Broadcasters. It might be the only job in television where the consumer believes in their heart of hearts they can do a better job. However, in reality it’s an incredibly arduous profession that blends the skills of preparation, voice inflection, story-telling, and articulation to even perform it at an adequate level.
As a one-time aspiring sports broadcaster, I can confidently say I totally sucked. After broadcasting everything from high school football to collegiate lacrosse halftime shows, I knew my time was up. I tap into my experience to impartially analyze up-and-coming or well known broadcasters on both the national and local level.
With that being said, I want to give a special shout out to ESPN announcer Adam Amin. I first saw Adam when he announced volleyball matches on the ESPN family of networks, and I remember then thinking he was just a little different. He had a presence, personality, voice, and didn’t over-talk. It sounds counter-intuitive, but too many play-by-plays feel the need to TALK CONSTANTLY to a point where it sounds more like a radio broadcast. His voice was strong enough that it sounded natural, and not what we say “Joe Broadcaster,” which is when he or she explicitly adjusts their voice to how they think it should sound.
He quickly ascended through the ranks to more prominent games in mainstream media sports. Even in that ascension, he took time out of his chaotic schedule to drive over to our AVCA office in Lexington, KY when he was in town announcing a UK basketball game. Even though he doesn’t do much volleyball anymore, as a former player himself he still has a passion for the game. We spent an hour chatting about announcing in general, volleyball, and his career, and he couldn’t be more generous.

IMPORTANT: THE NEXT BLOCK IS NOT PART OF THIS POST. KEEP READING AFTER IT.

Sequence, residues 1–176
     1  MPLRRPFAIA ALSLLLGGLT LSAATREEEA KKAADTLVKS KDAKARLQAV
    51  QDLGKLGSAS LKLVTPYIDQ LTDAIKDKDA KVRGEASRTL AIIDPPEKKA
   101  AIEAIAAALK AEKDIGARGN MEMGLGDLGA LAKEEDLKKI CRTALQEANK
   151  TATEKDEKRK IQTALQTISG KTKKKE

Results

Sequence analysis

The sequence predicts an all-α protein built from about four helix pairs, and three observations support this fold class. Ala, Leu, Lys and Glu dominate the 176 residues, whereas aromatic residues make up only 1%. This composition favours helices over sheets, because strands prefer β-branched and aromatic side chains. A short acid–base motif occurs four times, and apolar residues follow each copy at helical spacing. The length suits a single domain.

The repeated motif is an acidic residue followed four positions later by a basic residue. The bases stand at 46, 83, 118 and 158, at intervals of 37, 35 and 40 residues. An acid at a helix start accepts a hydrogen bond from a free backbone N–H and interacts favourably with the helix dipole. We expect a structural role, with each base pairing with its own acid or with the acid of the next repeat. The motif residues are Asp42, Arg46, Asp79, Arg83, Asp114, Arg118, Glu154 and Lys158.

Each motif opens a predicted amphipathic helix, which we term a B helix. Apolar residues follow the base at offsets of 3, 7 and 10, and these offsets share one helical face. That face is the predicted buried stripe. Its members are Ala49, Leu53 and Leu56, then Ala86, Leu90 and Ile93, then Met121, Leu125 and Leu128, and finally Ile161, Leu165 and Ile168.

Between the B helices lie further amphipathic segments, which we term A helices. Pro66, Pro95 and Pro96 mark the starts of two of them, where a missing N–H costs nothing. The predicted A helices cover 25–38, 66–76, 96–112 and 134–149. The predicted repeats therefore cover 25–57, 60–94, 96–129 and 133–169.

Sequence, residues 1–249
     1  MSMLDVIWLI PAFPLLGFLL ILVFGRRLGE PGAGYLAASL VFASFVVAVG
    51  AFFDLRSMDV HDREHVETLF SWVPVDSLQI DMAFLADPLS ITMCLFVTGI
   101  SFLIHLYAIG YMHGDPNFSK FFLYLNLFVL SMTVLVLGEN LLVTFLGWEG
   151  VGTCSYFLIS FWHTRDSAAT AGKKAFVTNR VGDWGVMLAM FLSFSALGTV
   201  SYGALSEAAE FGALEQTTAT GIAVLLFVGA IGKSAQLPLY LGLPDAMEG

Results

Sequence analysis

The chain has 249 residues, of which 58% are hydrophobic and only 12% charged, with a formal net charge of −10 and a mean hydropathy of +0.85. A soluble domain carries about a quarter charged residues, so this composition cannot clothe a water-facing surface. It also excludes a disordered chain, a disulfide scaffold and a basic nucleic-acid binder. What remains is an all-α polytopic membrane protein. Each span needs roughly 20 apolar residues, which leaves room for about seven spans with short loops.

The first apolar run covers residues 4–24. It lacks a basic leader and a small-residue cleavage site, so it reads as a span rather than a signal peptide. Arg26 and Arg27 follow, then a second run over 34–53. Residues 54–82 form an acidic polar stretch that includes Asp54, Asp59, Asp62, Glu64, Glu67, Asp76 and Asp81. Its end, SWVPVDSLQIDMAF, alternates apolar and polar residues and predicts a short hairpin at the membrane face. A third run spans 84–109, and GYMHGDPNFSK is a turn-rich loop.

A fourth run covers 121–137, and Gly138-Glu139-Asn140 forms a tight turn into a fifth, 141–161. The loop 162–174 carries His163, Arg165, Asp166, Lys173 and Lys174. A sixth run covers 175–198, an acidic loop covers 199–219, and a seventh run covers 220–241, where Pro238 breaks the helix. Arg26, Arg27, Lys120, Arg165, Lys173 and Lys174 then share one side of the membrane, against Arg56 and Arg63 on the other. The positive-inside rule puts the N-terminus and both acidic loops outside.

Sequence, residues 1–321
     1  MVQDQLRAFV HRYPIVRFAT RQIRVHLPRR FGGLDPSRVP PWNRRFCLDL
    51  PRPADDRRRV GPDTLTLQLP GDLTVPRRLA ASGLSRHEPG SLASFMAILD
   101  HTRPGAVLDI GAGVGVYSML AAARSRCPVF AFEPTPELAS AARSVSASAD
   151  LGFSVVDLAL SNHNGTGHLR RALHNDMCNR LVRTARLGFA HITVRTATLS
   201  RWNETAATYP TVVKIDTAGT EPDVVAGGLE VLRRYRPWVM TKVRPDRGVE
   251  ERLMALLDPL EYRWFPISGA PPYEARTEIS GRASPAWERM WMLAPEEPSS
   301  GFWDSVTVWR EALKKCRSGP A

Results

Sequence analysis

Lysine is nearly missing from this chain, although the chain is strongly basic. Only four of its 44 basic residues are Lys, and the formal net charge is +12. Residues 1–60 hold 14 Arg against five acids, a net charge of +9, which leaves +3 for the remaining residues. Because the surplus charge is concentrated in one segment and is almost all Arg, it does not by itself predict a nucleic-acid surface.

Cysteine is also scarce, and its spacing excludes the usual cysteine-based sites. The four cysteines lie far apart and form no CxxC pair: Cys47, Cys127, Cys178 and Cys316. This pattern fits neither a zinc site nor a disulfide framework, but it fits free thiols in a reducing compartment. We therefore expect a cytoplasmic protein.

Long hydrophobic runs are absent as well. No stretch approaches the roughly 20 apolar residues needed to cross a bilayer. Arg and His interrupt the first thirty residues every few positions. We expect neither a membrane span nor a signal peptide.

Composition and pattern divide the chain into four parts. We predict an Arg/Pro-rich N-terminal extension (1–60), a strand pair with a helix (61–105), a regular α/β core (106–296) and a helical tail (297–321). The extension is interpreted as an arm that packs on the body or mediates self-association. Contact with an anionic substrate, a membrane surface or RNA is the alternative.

That’s why when he was on the call for this past weekend’s absolutely incredible NCAA Women’s Final Four, I was stoked he had that opportunity to show off what he can do on that huge stage. With the seemingly plethora of buzzer beaters, we saw something all play-by-play broadcasters should take note of: call the action then let the audience simply enjoy the moment. Previously, the late and great Dick Enberg was the best I’ve ever heard at doing this. Knowing when to shut up is a skill.
Here he is on the call as Notre Dame won the NCAA Championship:
There aren’t a lot of sporting events that I’d watch solely because of the announcer, but Adam has joined the great Doc Emerick in that regard.